Seaside doctor shortage to be addressed

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Lechelle Earl, owner/editor

Seaside doctor shortage to be addressed

The inability to source doctors for such seaside practices as Robe and Beachport is to be brought to the attention of Health Minister Chris Picton in a face-to-face meeting in Adelaide on March 27.

Liberal Member for MacKillop Nick McBride has brokered the ministerial meeting which will also be attended by Dr David Senior (pictured), Robe Mayor Lisa Ruffell and Robe District Council chief executive James Holyman.

Dr Senior is the long-time head of medical clinics at Lucindale, Robe, Padthaway, Kingston and Beachport.

Trading as the Limestone Coast Health Unit Trust, he had explained the difficulties of sourcing doctors for these practices when he addressed the Robe Council in December.

Indeed, Dr Senior was forced to close the Beachport practice at the end of 2022 when the two resident senior GPs became unavailable.

Dr Pauline Wachtel retired while Dr Farhana Akter moved to Adelaide.

Both held the coveted Fellowship of the Royal Australian College of General Practice.

The Beachport clinic building was built with a Federal Government grant 15 years ago and then gifted to the Wattle Range Council.

Since then, the clinic building has been maintained by the council and been leased at a peppercorn rate to successive medical practices owned by Dr Trevor Burchall, Dr Chris Waite and Dr Senior.

The future of the Beachport clinic building was discussed during a closed session of last month’s meeting of Wattle Range Council.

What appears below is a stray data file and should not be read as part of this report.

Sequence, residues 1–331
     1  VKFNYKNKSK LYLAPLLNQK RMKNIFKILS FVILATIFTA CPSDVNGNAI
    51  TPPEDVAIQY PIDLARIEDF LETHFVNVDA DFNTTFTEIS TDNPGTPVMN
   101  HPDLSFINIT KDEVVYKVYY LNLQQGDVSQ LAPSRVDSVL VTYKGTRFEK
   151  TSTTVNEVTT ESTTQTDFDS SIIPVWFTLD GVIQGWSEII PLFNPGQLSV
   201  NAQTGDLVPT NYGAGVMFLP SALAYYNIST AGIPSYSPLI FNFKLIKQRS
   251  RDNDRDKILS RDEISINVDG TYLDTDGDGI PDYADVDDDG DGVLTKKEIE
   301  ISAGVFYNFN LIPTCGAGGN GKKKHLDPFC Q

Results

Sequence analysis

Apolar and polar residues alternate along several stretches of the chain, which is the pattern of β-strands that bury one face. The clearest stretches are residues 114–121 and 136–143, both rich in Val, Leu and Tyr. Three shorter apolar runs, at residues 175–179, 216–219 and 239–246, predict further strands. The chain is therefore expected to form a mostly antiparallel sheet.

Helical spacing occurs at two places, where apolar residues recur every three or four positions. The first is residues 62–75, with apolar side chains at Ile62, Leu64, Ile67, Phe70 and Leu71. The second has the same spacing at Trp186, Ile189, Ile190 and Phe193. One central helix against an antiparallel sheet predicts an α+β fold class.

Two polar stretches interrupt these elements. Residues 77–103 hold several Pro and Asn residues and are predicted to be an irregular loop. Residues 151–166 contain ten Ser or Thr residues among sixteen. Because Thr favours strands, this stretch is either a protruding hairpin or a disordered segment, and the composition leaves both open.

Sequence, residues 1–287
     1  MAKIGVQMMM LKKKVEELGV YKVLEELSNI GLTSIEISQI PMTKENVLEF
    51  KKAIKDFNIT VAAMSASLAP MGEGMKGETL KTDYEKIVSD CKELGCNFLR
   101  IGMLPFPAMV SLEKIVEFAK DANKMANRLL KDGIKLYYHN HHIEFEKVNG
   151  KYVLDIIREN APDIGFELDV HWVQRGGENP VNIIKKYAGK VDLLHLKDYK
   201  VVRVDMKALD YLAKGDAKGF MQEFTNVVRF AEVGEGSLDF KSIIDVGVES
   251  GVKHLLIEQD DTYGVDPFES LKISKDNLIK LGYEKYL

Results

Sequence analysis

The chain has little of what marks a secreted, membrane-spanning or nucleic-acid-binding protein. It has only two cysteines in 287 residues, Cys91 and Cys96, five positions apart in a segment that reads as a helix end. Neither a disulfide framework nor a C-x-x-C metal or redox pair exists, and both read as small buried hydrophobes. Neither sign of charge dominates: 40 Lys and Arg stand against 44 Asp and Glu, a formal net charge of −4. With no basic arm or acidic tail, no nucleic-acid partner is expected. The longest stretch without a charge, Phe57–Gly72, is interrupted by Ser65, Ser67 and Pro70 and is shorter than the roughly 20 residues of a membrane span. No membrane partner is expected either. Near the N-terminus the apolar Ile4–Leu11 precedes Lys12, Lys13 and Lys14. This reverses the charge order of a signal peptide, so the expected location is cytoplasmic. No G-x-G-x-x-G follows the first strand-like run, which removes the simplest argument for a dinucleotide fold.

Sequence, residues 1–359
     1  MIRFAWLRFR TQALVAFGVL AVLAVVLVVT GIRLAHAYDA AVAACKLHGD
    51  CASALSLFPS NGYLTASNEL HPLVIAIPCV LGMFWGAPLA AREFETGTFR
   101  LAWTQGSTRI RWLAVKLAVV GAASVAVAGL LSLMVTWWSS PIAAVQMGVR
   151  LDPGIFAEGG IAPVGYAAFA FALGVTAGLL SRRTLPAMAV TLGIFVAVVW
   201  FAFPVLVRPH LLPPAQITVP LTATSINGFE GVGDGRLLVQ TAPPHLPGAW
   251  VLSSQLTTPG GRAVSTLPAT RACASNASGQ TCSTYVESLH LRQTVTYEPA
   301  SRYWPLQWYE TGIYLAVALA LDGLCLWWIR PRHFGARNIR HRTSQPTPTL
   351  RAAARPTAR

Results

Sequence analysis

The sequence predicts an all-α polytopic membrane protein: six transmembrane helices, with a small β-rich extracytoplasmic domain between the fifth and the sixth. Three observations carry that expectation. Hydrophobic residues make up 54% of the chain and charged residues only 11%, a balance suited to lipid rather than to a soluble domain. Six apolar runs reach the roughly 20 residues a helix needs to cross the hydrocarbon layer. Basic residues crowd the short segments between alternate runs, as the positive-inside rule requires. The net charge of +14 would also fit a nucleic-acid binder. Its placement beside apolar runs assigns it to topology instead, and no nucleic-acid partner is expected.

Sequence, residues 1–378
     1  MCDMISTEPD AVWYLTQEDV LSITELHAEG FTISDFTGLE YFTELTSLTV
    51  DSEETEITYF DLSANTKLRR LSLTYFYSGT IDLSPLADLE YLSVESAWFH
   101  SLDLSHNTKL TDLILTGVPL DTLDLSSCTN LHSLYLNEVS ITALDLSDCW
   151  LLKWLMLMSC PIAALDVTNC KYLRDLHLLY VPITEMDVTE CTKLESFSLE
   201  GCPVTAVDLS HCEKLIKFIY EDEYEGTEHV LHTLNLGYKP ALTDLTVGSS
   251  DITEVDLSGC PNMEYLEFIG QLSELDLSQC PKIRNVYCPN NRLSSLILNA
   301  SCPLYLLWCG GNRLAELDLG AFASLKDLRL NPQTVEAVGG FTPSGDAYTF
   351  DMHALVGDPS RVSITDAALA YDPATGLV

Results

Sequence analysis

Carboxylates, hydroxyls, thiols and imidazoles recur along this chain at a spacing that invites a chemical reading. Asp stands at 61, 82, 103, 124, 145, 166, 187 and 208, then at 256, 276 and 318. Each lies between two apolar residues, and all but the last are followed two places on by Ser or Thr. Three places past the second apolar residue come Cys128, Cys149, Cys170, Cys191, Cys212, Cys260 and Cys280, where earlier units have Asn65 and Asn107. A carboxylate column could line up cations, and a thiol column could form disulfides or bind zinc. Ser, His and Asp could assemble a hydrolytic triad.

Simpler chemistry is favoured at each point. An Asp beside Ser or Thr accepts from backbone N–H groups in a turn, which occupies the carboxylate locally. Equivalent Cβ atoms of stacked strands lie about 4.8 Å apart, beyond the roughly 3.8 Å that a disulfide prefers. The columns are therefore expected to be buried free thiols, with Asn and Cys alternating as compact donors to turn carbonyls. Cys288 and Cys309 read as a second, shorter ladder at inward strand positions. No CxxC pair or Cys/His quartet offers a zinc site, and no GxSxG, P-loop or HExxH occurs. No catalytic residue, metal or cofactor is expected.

Wattle Range Council chief executive Ben Gower said it is actively pursuing the return of medical services to the Beachport community and is currently exploring options with a number of potential service providers.

Mr Gower said the lease with the former operator expired in May but included a ‘right of renewal’ provision for a further five-year term.

“After initially indicating their desire to renew the lease, council was only advised by the former operator on December 14 they would not be doing so, and they would be vacating the council owned building on December 31,” Mr Gower said.

“The clinic building was formally handed back to council in early January after a handover inspection was completed on site.

“The building, fixtures and fittings were all left in very good condition.”

Mr Gower said the council has subsequently confirmed the terms and conditions for a new lease and authorised him to negotiate with potential service providers for the return of medical services to the Beachport community.

“The lease terms and conditions are extremely competitive and have been specifically designed to attract potential operators to continue to provide local medical services to the Beachport community,” he said.

“High level discussions have been held with a couple of medical service providers, and council will be running a formal expression of interest process to ensure that a fair and transparent selection process is followed.

“Interested parties are encouraged to contact the Wattle Range Council for further details.”

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